Rosemary is often linked to the Greek goddess Aphrodite, who in some versions of the myth is cloaked in the herb at the time of her birth.
Aphrodite, the Greek goddess of beauty, fertility, and love, was born from the foam of the sea after the Titan Cronos cut off his father Ouranos’ penis and threw it in the sea. She arrived ashore on a seashell, as Boticelli infamously painted in The Birth of Venus, her Roman goddess counterpart.
Rosemary is as strongly tied to the sea as Aphrodite; the herb grows along the coast of the Mediterranean and can survive simply on the moisture in the air that is brought from the sea by gusts of wind, hence its name Rosmarinus, which means “dew of the sea.”
The goddess of love and the mother of several children with various gods has also imparted attributes of an aphrodisiac and a fertility enhancer to rosemary.
The herb has also been thought to contain memory boosting powers, thus it has been associated with the Titaness Mnemosyne, the goddess of memory and the mother of the nine Muses.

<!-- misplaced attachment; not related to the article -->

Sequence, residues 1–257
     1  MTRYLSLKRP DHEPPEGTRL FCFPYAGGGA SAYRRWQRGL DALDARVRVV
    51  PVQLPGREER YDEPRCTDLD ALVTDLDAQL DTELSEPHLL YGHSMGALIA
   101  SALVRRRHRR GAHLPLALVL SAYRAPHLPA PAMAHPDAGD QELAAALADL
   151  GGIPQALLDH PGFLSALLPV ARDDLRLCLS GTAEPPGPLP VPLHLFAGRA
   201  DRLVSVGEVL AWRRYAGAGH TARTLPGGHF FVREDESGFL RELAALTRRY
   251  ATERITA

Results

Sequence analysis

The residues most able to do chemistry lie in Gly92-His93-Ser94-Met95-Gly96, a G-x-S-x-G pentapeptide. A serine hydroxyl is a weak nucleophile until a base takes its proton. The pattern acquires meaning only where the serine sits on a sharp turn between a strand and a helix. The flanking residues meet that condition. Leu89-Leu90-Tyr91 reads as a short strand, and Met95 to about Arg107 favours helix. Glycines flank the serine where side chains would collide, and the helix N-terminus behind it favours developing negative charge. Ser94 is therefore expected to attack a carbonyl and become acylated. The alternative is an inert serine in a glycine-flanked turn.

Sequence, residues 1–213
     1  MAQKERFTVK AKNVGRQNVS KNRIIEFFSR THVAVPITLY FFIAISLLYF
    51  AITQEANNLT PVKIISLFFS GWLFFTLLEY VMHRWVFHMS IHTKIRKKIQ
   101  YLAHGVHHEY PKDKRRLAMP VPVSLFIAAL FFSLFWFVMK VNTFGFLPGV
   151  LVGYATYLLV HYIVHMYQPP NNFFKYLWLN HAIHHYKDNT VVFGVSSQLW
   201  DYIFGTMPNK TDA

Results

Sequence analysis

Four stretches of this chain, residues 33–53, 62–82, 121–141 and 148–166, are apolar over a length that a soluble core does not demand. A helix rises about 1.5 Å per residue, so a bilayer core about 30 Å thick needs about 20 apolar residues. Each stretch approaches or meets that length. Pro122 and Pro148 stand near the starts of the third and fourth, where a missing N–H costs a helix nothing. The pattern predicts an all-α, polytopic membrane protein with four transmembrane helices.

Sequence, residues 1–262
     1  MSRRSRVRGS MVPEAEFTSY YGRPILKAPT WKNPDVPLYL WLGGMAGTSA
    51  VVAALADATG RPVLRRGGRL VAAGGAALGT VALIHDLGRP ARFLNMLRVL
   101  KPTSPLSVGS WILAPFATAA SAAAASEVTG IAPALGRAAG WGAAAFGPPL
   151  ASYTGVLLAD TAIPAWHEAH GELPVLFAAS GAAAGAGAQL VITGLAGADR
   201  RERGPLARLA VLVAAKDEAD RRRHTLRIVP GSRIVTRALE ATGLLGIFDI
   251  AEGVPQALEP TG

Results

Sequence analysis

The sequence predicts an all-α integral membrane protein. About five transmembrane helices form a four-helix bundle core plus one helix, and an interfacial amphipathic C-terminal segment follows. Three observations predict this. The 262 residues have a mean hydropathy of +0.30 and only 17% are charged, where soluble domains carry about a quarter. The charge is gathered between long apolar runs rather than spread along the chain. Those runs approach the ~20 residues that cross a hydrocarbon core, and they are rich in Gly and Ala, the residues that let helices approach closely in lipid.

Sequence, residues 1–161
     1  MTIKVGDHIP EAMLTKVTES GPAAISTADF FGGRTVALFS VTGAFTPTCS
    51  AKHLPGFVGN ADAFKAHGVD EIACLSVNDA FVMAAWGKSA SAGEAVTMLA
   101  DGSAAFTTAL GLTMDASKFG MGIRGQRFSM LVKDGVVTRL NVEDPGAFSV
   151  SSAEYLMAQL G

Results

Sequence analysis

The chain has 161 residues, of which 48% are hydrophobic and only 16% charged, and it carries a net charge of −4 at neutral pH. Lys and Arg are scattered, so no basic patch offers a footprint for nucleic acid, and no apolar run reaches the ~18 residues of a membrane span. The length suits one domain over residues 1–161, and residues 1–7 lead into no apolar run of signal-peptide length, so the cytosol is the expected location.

Mnemosyne was thought to have given humans their capacity for memories, but at the time of their death, so as to ease their suffering in the underworld, would take all their memories by having them drink from Lethe, the river of forgetfulness.
Because of this association Greek scholars would wear wreaths of rosemary while taking exams so as to enhance their memory and improve their performance. Even to this day, students keep a sprig nearby and brides and grooms keep the herb close so as to not forget their vows.
“Bites of History: Remember Rosemary.” Retrieved 24 July 2012.
“Goddess of the Pillar: The Mythology of Upright Rosemary.” Retrieved 24 July 2012.
“Rosemary, an Honored Member of The Botanical Family Lamiaceae.” Retrieved 24 July 2012.